Troubled Heart?


Death. What does it mean to you? How does that word make you feel? Uncomfortable? Nervous? Afraid? We have a natural-born fear of the unknown. We stay in jobs that make us miserable because we fear the unknown, fear of what comes next. We stay in abusive relationships because we fear the unknown, we fear being alone. We sometimes would rather stay with the abuse we know than take a step into the freedom we don’t know.  
We see this in the bible too. All the way back to Moses, people preferred bondage they knew over freedom they didn’t know. Over and over, they expressed their anger with Moses for taking them out of the bondage of Pharaoh – “Is not this what we said to you in Egypt: ‘Leave us alone that we may serve the Egyptians’? For it would have been better for us to serve the Egyptians than to die in the wilderness.”” ‭‭Exodus‬ ‭14:12‬ ‭ESV‬. They trusted more in the captors they could know and see than in God who was leading them out of their bondage.


What is more unknown to us than death? We know we all owe one. We all know and have loved ones who have passed away, and we know the finality of that. We know that once that last breath is taken, that is the end of all we can know about. We know the sights, sounds, pains, pleasures, joys, hurts, and all the emotional highs and lows that come with the bodies given at birth. We have no idea what we will feel and know and experience in our heavenly bodies when our earthly bodies ultimately fail us. So we fear that day.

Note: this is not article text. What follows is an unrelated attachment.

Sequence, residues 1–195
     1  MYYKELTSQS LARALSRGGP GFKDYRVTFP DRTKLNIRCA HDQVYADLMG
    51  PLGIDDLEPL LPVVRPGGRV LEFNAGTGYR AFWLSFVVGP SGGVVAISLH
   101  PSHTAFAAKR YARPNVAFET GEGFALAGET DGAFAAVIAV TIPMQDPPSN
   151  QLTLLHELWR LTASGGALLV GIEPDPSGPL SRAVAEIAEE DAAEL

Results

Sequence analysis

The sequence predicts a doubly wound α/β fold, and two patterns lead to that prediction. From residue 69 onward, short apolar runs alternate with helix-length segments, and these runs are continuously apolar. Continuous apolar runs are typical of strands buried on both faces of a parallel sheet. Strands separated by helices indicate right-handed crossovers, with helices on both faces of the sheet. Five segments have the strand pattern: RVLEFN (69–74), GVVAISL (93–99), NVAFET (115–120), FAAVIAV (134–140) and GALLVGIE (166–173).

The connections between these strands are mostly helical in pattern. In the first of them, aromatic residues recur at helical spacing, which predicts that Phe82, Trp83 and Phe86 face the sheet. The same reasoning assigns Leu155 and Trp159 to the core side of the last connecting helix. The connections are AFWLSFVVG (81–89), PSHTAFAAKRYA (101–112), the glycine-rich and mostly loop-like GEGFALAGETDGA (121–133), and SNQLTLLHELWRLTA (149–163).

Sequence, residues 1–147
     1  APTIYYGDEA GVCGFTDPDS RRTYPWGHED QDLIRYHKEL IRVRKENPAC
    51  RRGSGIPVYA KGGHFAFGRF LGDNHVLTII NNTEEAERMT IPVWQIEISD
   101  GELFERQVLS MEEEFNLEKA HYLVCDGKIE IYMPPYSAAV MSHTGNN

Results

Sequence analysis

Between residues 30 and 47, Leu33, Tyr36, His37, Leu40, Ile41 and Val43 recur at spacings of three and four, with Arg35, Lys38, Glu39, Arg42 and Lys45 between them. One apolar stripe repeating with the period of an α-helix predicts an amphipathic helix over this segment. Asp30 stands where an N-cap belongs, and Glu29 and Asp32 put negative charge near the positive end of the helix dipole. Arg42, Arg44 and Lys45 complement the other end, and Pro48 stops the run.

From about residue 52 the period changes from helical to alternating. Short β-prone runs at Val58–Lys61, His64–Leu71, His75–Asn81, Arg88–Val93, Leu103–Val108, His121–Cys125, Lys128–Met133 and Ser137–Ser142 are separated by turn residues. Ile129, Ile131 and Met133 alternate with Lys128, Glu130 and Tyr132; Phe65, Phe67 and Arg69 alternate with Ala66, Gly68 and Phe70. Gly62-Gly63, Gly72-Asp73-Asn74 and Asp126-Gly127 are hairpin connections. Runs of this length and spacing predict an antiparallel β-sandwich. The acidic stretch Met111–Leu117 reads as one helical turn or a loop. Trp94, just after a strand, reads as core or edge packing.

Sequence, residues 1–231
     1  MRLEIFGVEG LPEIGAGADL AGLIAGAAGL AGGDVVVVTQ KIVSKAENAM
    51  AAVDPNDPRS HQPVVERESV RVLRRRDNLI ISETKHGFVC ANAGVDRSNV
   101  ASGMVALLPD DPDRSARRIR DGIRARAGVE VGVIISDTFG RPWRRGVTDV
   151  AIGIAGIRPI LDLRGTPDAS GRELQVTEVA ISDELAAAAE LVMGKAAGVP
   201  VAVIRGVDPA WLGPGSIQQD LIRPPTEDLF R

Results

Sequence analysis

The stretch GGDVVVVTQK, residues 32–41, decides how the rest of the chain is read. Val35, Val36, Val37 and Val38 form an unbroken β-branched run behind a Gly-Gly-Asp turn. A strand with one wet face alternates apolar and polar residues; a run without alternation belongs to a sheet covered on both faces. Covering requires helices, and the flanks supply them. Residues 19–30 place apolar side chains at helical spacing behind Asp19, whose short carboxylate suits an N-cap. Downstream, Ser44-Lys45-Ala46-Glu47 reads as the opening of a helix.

We know the support, love and security we get from our parents and loved ones. We don’t know what lies on the other side of losing them holds for us. So we fear that day.
But what did Jesus have to say about death? Jesus spoke about His own death the night before His crucifixion. He spoke these words right after washing the disciples feet and telling Peter point-blank that Peter would deny Him three times that night. He gave us His own eulogy if you will.


Let not your hearts be troubled. Believe in God; believe also in me. In my Father’s house are many rooms. If it were not so, would I have told you that I go to prepare a place for you?  What is Jesus talking about? Don’t worry about what we can’t see. He knows He is about to go through His passion, through His suffering, and into death. He knew that this would be very difficult for the disciples, they would not understand. He would be going into that great unknown.

But he assures them. Don’t be troubled, don’t worry. They believe in God, the trust God. He urges them to also trust Him. His Fathers house has many rooms (at least one translation says many mansions). There is room for everyone. The kingdom of God is inclusive not exclusive. It’s there and available for all who call on and trust in the name of the Lord. No one has to be turned away. Just believe. Just trust.


And if I go and prepare a place for you, I will come again and will take you to myself, that where I am you may be also. And you know the way to where I am going. To Jesus, to God, this is no big deal. Death is simply routine. He says he is preparing a place FOR ME. FOR YOU. It is personal, not mass-produced. He is going to come personally escort us to be with Him. We will be with His forever in eternity.